From my perspective, the only way to reconcile the variety, quality, and price discrepancies between Akershus and Cape May Cafe is that you are paying to meet the princesses here. I know all character meals have some degree of markup for the meet & greet element, but outside of Akershus and Chef Mickey’s, I’ve never felt it was so blatant. At every other meal we’ve done, I’ve walked away feeling satisfied by the food alone. In those cases, the character component could have been absent, and I still would’ve enjoyed the dining experience.
At Akershus’ breakfast, that would not have been the case. I get it from a business perspective: princess dining is in high demand and low supply, so the food can be ‘phoned in’ and Akershus will still be booked solid because many parents are so eager for a chance to dine with princesses.
However, that doesn’t sit well with me as a guest. Recent upcharge events aside, Disney has always been good about experiences like this being “value-added” opportunities that did not feel like blatant surcharges for convenience. By contrast, this felt decidedly like paying for a princess meet & greet.
To each their own, and if that’s your prerogative, I totally understand. I just think it’s important to understand just how much of this meal cost you should ‘mentally allocate’ as being the cost of meeting the characters. Based on breakfast costs elsewhere at Walt Disney World (so we aren’t even comparing this to real world breakfasts), I would say a good $25/person (adults) of the cost is the price of meeting the princesses.
To me, that’s absurd. Obviously, reasonable minds may vary on that, though. You can meet Anna & Elsa with no more than a 10 minute wait next door, and meet others with a <20 minute wait at Magic Kingdom the first 3 hours of the day or last 2. In light of that, I have a tough time paying so much to meet princesses. (Of course, I’m also not a parent, so I lack that perspective.)
This is also why a qualitative assessment of Dining Plan credit uses is important. On paper, this is one of the “best” uses of a Disney Dining Plan table service credit. However, if you don’t care about meeting the princesses, the reality is that you’re trading a credit for a meal that’s far inferior to the ~$20 breakfast at Trail’s End. That makes Akershus’ breakfast a qualitatively poor use of a credit for those who do not ascribe a significant value to the princess component.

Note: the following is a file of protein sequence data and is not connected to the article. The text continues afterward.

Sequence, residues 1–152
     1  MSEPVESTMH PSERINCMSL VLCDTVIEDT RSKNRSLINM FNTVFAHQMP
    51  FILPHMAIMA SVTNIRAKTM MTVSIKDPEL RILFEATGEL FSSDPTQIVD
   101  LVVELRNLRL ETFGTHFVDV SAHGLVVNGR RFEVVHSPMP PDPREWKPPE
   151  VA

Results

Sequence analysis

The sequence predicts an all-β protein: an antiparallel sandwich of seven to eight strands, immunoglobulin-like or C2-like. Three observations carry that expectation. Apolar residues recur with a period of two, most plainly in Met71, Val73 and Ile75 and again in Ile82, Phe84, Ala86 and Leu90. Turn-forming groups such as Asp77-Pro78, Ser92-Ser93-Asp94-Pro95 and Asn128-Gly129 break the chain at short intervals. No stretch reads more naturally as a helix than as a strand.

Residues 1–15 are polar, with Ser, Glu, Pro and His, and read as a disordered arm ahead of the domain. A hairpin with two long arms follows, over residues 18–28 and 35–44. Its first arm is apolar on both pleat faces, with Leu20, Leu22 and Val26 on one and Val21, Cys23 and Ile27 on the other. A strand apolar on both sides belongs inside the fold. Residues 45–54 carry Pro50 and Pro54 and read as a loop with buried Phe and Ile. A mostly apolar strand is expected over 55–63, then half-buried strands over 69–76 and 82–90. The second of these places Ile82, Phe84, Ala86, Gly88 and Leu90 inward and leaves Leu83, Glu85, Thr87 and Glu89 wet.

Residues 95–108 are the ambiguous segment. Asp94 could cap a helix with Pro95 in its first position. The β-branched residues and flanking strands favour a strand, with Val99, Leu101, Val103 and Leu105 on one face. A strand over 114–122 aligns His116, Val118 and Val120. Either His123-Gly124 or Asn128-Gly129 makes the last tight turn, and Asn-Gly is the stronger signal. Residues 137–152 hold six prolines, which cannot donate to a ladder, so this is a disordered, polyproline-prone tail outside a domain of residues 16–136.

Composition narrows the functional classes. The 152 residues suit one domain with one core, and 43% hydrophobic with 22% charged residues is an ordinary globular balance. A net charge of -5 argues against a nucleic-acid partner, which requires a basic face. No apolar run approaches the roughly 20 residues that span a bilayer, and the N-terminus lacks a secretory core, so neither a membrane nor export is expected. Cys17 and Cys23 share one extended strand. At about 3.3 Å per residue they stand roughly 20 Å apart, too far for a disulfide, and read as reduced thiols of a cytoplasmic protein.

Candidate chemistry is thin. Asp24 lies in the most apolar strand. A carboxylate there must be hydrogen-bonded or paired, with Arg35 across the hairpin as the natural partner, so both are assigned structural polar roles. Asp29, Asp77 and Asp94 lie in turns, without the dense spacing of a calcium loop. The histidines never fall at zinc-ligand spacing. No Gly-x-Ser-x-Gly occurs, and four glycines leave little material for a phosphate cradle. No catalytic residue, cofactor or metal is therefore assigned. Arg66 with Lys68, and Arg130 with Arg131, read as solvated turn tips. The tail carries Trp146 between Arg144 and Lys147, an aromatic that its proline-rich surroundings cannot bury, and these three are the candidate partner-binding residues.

I know it’s all a matter of perspective, but it’s impossible for me to get past the food in tandem with the price. I take no issue with Disney charging premium prices for a premium product or experience, but that’s not what this is. The core product (the meal) is not a premium product, it’s a mediocre one. This amounts to a paid FastPass for meeting princesses, served with a mediocre breakfast.
Always the inveterate optimist, Sarah was looking at the upsides of Akershus throughout our meal. The ambiance was enjoyable, the character interactions were great, and there were a couple of solid food items. She even envisioned taking our kids here someday for a fun and convenient breakfast. Once she saw our bill, this optimism disappeared (disappear! disappear!) faster than 3 trolls casting a boat back (back!) over the falls.
Overall, whether all of this matters to you is going to be a personal decision. The convenience of meeting the princesses at breakfast might be “worth it” to you. Given the near-unanimous praise for the breakfast experience at Akershus, I know I’m in the minority here. So, I’m guessing most of you don’t care–and I can respect that. Just know what you’re getting yourself into here.
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What do you think of Akershus? Do you think I’m off-base, and that the experience justifies the high prices? Where does it rank in terms of dining at Walt Disney World for you? Have any favorite foods here? Share your thoughts in the comments!
I dined here in February 2016, directly following the Princess Half Marathon and I couldn’t agree more with your review. When the bill came, I was shocked (shame on me for not researching before hand!) Even with the markup for the character interaction, I was kind of (REALLY!) underwhelmed with the food, and that was BEFORE we’d received the bill. My friends and family wanted to dine here after the race, to keep up with the Princess theme of the day, but we all felt kind of awkward meeting the “face” characters, too. Keep in mind, I dined here prior to Frozen Ever After opening, so it was even less of a “good value” at that time, which maybe is swaying my opinion a tad more than it would if I had dined there today. I just can’t get over the food served for the price point. If you have little kids and a large budget or can’t get your hands on a FastPass for Frozen Ever After, I can see this being a great option; otherwise, I’d pretty much steer clear.
Whenever I am dissatisfied with the food at a restaurant I usually speak up rather than ‘rant’ later on. I really don’t think that this is an impolite thing to do if you genuinely believe that well-prepared food should be the goal of a proud and honorable establishment. If the meal clearly falls below that standard you should calmly express your opinion then and there. Perhaps I am deceived but nearly always the servers and chef appreciate the input. Same goes for compliments. Culinary evolution via talking wallet is not enough. Speak up!
I guess in addition to the Princesses m&g, now there is also the opportunity to get in line for Frozen Ever After before the horde comes from the gates. For someone staying offsite (i.e. unable to secure a FP+ for it) it may be the easiest way to experience the new attraction, at least for a couple of years.
That said, I would never pay for it out of pocket, but I never do characters meals anyway. For someone who can score a reservation having the Dining Plan, I guess it’s a sort of a no brainer, even with the mediocre food.
It’s interesting to me that they do the buffet with the princesses at all. In CA the Ariel’s Grotto experience was much more organized and less stressful. They bring you all of your food (granted its a fixed meal with limited entree choices) but the princesses did a good job of interacting and there was no running around trying to dodge puffy dresses en route to cheese and fruit. I found the food to be quite good and at $35 for adults it was likely a bit overpriced but stil l reasonable.